The data we used to create this graphic is included in the table below. It represents each country’s share of the total export value of global automotive products in both 2000 and 2022.

“Automotive products” are defined by the WTO as motor vehicles, parts and accessories for motor vehicles, and internal combustion engines for propelling said vehicles. This grouping excludes motorcycles and trailers.

Exporter2000
(% of world exports)
2022
(% of world exports)
Change (pp)
🇪🇺 EU45.4%46.1%+0.7
🇺🇸 U.S.11.7%9.1%-2.6
🇯🇵 Japan15.3%8.9%-6.4
🇲🇽 Mexico5.3%8.5%+3.2
🇨🇳 China0.3%8.0%+7.7
🇰🇷 South Korea2.6%5.1%+2.5
🇨🇦 Canada10.5%3.3%-7.2
🇬🇧 UK4.5%2.7%-1.8
🇹🇭 Thailand0.4%2.0%+1.6
🇹🇷 Türkiye0.3%1.7%+1.4
Total96.3%95.4%--

From this list we can identify which countries have experienced the most growth or decline over the past 22 years.

Countries With the Most Growth Since 2000

The automotive exporters that grew their share of global value the most since 2000 are China (+7.7 pp), Mexico (+3.2 pp), and South Korea (+2.5 pp).

There are clear drivers behind each of these growth stories.

For example, China became the world’s largest car market back in 2009, which accelerated the growth of its domestic automakers. China is also home to some of the world’s biggest automotive suppliers, including Weichai (diesel engines), Hasco Automotive (drivetrain and air conditioning systems), and CATL (EV batteries).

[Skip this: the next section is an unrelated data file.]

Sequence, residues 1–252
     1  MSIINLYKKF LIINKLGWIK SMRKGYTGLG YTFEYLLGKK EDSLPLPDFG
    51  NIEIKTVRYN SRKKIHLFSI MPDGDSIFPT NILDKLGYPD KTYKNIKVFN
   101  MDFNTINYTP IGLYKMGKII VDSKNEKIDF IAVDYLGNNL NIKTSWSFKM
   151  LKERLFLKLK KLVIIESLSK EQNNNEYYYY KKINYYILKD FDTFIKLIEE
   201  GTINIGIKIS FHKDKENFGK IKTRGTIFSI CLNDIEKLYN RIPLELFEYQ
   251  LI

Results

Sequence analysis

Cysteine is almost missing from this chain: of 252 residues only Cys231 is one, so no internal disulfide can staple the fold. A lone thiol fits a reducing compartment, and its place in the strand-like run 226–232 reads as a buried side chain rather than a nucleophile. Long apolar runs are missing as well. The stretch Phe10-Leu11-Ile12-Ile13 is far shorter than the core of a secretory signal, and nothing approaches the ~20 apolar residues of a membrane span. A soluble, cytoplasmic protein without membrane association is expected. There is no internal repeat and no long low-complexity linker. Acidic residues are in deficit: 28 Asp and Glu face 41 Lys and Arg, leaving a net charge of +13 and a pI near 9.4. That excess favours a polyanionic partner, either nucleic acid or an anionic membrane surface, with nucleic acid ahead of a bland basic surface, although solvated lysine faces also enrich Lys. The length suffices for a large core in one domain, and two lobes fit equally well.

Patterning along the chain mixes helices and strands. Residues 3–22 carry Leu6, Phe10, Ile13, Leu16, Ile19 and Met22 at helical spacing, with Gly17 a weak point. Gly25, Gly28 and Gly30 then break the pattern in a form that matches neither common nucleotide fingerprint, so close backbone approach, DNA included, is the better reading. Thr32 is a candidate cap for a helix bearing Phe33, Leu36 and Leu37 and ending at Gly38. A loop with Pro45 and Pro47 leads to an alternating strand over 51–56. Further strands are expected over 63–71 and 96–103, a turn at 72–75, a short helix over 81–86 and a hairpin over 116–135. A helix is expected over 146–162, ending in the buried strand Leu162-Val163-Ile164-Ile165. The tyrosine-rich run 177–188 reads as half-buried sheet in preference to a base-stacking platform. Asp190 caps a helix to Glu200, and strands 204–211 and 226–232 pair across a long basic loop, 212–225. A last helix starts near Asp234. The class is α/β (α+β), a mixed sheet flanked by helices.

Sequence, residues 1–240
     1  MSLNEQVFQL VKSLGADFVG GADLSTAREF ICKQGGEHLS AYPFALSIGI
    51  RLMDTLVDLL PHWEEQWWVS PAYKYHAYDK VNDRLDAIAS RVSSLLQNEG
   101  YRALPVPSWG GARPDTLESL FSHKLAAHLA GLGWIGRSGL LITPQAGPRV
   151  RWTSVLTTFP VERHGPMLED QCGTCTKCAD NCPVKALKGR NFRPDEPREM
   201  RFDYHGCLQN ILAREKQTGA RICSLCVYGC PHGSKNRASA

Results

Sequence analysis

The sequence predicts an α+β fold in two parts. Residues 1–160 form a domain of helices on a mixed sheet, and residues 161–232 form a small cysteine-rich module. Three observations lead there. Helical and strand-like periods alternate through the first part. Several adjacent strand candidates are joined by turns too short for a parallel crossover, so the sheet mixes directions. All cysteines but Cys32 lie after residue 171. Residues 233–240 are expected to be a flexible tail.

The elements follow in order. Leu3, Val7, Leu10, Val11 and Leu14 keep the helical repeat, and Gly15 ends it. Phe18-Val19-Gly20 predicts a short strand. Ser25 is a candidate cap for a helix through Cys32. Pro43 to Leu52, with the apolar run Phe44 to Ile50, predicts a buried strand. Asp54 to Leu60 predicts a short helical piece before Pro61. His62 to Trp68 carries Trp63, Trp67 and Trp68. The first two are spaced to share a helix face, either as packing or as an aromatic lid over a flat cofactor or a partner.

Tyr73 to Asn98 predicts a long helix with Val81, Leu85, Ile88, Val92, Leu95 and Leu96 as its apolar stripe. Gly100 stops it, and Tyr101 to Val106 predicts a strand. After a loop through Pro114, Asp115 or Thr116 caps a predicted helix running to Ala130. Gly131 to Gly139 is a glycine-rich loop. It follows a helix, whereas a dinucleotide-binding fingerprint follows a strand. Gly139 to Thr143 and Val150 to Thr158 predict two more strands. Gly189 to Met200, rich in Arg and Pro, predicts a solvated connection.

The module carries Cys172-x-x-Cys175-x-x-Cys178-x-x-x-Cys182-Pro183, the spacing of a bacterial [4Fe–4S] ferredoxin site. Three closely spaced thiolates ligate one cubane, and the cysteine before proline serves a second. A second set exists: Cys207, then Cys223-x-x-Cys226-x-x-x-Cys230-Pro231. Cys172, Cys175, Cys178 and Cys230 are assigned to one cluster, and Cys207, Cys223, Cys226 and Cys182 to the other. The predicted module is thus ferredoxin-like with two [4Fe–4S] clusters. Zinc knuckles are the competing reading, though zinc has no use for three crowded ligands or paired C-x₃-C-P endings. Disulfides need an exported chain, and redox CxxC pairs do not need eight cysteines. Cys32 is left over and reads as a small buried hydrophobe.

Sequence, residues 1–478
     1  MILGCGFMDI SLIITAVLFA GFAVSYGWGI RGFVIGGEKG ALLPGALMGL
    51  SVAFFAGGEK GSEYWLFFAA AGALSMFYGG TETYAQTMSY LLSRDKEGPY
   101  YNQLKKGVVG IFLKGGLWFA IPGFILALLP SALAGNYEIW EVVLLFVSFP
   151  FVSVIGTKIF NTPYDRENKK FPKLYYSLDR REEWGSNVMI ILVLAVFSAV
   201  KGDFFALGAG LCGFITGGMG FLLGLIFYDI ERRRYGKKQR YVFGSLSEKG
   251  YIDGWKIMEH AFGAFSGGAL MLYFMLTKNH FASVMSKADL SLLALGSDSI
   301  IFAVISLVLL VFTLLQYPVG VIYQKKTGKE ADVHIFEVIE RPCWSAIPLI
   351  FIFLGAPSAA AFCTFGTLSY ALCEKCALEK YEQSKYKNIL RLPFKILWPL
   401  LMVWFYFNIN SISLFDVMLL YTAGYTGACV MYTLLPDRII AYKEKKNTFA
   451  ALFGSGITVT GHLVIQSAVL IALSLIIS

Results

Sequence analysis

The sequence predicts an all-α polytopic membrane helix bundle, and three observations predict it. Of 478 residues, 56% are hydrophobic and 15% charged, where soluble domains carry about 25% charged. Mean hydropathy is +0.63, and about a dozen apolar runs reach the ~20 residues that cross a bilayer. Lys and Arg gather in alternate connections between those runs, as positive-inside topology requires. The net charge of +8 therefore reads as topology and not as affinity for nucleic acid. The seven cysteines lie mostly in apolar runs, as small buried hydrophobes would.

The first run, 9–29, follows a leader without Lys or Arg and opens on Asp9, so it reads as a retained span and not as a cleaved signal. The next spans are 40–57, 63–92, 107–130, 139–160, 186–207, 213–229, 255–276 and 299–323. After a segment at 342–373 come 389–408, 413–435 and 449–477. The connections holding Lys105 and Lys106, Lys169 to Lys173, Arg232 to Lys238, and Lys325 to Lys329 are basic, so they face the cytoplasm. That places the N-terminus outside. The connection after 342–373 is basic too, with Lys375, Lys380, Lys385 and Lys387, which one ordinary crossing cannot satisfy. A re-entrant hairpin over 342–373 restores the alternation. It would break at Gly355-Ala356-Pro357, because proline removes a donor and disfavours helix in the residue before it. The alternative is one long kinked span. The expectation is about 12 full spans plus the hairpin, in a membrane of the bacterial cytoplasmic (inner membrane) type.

Mexico, on the other hand, has grown its auto industry by enticing global brands to construct their factories there. The country’s competitive edge includes cheaper labor and a land border to the United States.

Finally there’s South Korea, whose growth is largely attributed to Hyundai Motor Company. The Seoul-based automaker recently became the third largest on a global basis, trailing only Toyota and Volkswagen.

Countries With the Biggest Decline Since 2000

The automotive exporters that declined the most since 2000 are Canada (-7.2 pp), Japan (-6.4 pp), and the U.S. (-2.6 pp).

Canada’s auto industry has experienced a steady decline in recent years, though new EV-related investments could turn things around. In March 2022, Stellantis and LG Energy Solutions announced the construction of a $3.5 billion EV battery plant in Windsor, Ontario.

Canada’s automotive industry is largely concentrated in the province of Ontario, which neighbors Michigan, the top state for U.S. car production.